Publications and research

"Let us get contextual: critical realist case studies in supply chain management"
Amanda Bille & Christian Hendriksen (2023)

Published in Supply Chain Management: An International Journal 28, 4, p. 724-737

This research explores the benefits of using critical realist case research in supply chain management (SCM). In contrast to traditional approaches that either focus on universal rules or subjective social meanings, critical realist case research provides a more nuanced understanding of SCM by taking into account both causal factors and the specific context of each case. By examining existing literature, the study highlights the potential of critical realist case research to improve theorizing in SCM and develop new types of context-sensitive theories.

The study emphasizes the need to expand the qualitative research toolbox in SCM by incorporating critical realist case research. This approach will not only help refine the development of innovative theories but also benefit managers by inspiring new research directions. The research contributes to the field by being the first to develop a qualitative critical realist case research approach in SCM, setting the stage for future studies using this methodology.

"Navigating Norms and Invisible Rules: Explaining the Case of Business influence in International Shipping Regulation"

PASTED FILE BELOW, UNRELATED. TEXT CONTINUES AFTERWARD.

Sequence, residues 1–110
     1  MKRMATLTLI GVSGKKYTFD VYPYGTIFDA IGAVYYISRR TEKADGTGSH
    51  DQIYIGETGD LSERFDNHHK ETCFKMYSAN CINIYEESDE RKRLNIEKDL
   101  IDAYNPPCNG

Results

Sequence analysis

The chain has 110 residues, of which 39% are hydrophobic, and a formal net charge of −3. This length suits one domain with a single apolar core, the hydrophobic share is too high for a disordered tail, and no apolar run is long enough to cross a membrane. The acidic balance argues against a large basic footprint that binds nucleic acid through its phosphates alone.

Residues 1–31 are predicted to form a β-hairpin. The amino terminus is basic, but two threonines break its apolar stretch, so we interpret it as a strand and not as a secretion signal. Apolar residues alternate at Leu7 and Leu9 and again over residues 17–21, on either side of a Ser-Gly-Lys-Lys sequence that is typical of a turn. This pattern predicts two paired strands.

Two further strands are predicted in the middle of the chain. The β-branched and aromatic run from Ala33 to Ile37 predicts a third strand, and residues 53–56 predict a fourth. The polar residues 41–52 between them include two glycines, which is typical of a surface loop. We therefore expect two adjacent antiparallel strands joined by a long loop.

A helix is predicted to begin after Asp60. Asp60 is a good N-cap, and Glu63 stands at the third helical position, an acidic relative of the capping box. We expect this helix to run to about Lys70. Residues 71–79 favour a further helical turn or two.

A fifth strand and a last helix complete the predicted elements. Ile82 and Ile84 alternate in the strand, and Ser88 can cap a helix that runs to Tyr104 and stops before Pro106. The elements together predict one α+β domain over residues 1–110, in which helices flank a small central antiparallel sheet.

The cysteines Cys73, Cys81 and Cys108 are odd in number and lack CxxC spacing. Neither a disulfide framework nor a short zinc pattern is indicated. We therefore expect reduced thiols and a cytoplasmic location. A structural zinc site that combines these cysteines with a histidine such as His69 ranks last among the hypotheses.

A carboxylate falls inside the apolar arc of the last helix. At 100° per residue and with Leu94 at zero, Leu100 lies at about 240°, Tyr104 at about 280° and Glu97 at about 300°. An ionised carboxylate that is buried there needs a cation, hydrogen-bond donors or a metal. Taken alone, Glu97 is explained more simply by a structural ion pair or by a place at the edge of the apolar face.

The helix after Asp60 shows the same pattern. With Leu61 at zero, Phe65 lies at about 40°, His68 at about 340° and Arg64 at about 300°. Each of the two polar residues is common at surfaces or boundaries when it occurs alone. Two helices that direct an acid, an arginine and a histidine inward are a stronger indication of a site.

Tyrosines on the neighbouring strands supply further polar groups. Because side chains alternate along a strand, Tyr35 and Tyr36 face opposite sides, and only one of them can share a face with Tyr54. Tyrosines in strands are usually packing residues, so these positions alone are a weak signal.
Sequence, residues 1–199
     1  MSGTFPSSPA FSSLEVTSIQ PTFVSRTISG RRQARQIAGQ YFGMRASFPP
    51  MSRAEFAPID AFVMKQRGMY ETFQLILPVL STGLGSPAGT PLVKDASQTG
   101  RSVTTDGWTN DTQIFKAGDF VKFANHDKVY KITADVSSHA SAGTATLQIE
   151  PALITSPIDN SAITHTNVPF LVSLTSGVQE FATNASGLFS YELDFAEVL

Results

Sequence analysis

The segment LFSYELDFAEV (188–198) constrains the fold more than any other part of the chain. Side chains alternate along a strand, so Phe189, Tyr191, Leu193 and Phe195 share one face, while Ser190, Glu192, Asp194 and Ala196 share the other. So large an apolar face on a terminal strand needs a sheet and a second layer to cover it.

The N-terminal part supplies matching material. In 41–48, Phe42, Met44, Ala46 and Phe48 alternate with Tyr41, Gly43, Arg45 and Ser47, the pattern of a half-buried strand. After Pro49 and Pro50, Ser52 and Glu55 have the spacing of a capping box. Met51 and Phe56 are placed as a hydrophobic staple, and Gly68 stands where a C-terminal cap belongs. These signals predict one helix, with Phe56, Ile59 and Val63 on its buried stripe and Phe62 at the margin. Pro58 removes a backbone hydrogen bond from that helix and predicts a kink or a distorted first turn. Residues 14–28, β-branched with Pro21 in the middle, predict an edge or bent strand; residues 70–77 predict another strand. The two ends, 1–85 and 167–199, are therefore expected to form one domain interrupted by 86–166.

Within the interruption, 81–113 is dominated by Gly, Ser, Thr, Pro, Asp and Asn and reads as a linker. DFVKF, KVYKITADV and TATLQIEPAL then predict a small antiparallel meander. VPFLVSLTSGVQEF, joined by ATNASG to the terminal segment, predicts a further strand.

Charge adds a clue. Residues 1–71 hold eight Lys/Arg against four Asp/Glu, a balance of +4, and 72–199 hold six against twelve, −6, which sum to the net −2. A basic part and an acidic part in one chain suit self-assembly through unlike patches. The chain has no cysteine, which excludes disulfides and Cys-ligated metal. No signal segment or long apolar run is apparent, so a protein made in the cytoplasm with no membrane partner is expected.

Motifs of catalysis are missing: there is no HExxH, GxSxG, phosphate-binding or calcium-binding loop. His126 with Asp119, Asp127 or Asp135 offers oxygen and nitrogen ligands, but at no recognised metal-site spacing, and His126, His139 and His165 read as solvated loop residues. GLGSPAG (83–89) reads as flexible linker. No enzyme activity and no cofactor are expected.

Christian Hendriksen (2022)

Published in Business & Politics, 24, 1, p. 79-95

This article explores how businesses influence international negotiations at a micro-level, using organizational institutional theory to understand how local norms can impact the extent of business power. The study demonstrates this perspective through a case study of the International Maritime Organization (IMO), examining how these norms affect private actors’ influence and authority during negotiations on environmental shipping regulations.


The research reveals that specific institutionalized norms and beliefs can both limit and enable business interests, occasionally overshadowing the overall power of the shipping industry. The findings suggest that future studies on business power and lobbying should pay close attention to the unique ideas that determine the range of legitimate activities for business actors, especially in international institutions where individual negotiation sites may develop their own distinct norms and beliefs regarding private actor participation.